Dr. Wendy Walsh: The scenarios are tragic and heartbreaking. Imagine this: A middle schooler is being bullied at school because of his emerging sexual orientation, but he can't tell his parents because their religious beliefs may make them punish him more. And he can't talk to a counselor without his parents' consent. Or this: A 12-year-old girl is being sexually molested by her mom's boyfriend, and her mother is both blinded by her love for the perpetrator and financially dependent on him. And the girl can't breathe a word of the crime to her school psychologist without getting her mom to agree. Or this: A child of drug-addicted parents runs away and becomes homeless. At 14, after living on the street for two years, his life is so dismal that he contemplates suicide. A social services agency finds him and wants to intervene. But they can't until they track down the deadbeat parents and get their permission.
Thanks to a new law in California that goes into effect on January 1st, 2011, all of these minors will now be able to get help without a nod from their moms and dads. According to the new law, minors 12 and over will be able to get mental health services without parental consent. In the past, this freedom was only awarded to children who were determined to be victims of parental child abuse. The author of the bill made a clear case that the old law discriminated against some kids, including gay, bisexual, lesbian, and transgender youth, youth from immigrant families, homeless youth and youth from cultural backgrounds that do not believe in mental health services.
As a doctor of psychology, I continually emphasize that the key to youth mental health is early intervention. It is crucial that adolescents get talk-therapy before their symptoms include drug abuse or attempted suicide. And, in case you're wondering, the law does not allow minors to get electroshock or drug therapy without parental consent. For any parents who are worrying about their eroding parental rights, I remind you that the way to ensure that your kids "keep you in the loop" is to keep the door of communication open when they are young. Don't be afraid to talk about whatever your children bring up, whether it be drug use, crime or sexuality, and be prepared to seek help together when you don't have all the answers.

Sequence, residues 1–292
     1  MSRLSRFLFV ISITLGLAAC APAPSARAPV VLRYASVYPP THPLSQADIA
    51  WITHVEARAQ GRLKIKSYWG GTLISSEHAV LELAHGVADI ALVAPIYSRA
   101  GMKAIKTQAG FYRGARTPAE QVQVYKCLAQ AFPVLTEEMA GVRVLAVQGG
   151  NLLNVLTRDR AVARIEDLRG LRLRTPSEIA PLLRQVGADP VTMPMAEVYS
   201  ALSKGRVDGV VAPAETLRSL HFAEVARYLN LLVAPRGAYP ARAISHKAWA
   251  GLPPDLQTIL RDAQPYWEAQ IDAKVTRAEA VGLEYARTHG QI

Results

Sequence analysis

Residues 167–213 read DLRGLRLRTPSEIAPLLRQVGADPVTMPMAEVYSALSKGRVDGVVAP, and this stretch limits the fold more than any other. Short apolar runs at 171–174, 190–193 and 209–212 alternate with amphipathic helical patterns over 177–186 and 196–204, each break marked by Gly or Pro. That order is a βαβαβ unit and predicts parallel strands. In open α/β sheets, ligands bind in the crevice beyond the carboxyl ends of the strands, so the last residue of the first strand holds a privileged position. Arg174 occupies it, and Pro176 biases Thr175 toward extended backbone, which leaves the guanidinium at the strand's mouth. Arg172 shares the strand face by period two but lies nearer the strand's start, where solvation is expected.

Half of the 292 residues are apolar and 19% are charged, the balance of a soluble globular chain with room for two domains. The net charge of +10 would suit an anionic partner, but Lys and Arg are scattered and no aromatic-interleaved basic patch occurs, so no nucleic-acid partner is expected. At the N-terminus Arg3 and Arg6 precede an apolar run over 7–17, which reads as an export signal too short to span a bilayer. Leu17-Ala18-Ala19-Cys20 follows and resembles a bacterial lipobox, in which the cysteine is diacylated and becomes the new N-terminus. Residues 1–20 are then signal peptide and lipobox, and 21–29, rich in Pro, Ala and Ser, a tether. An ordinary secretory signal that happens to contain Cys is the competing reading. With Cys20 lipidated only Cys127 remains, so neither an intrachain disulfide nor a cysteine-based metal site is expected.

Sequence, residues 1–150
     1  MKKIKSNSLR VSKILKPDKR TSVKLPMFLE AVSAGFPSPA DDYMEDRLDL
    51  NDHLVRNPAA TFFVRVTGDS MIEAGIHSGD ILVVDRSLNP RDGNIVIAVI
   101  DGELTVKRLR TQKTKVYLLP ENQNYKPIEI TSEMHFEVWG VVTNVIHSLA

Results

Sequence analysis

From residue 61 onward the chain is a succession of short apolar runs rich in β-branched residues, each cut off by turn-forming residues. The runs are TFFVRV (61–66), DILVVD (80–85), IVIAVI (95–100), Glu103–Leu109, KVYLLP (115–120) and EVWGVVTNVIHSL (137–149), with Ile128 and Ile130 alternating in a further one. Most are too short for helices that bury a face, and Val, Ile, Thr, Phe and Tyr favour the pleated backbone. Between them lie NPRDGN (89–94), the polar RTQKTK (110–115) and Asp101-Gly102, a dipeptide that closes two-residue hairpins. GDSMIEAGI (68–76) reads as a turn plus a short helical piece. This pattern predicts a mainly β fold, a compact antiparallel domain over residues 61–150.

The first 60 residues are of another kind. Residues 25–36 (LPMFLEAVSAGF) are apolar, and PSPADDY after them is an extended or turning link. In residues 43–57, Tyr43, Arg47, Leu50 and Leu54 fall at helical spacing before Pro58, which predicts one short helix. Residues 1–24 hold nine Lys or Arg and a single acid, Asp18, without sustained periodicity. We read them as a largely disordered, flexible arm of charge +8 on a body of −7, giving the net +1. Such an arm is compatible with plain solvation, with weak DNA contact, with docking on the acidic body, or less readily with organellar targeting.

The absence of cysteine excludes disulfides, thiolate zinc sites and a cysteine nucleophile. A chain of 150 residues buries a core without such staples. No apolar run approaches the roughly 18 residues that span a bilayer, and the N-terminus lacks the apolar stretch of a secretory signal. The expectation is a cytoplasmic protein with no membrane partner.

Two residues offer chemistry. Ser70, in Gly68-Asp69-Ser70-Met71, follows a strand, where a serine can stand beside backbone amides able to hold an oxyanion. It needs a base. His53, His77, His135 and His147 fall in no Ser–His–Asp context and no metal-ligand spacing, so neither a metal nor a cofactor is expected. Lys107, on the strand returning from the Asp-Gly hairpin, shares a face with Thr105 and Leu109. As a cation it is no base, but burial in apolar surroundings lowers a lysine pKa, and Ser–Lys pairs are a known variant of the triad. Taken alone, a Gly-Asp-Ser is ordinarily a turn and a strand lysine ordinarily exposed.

Youth mental health is in the spotlight this month for another reason as well, thanks to Los Angeles Laker Ron Artest. Last spring, I silently did the touchdown cheer when Artest, after helping the Lakers win the NBA Championship, minutes later thanked his psychotherapist on national television. Then, last month, he announced on CNN's "Larry King Live" that he would auction his priceless championship ring off to charity to benefit youth mental health.
Artest has come a long way since 2003, when ESPN Magazine called him "The Scariest Man in Basketball." His violent outbursts were legendary, and included attacking a fan who had thrown a cup at him during a game. These days, the NBA champion -- a former child of divorce, domestic violence and tragic sibling
death -- sits across from Larry King unashamed to talk about his mental health. He explained that he has been the beneficiary of anger management therapy, marital therapy and even parenting classes. And he swears it all worked for him.
His website crashed during the show as people flocked to the Internet to pledge as little as two dollars per ticket to earn the chance to win Artest's championship ring. (I personally hope that whoever wins it does the classy thing of returning it to Artest.) The lottery takes place on Christmas Day, and Artest hopes that millions will be raised to bring free or subsidized health care to youth who are suffering emotionally. You can enter by clicking here.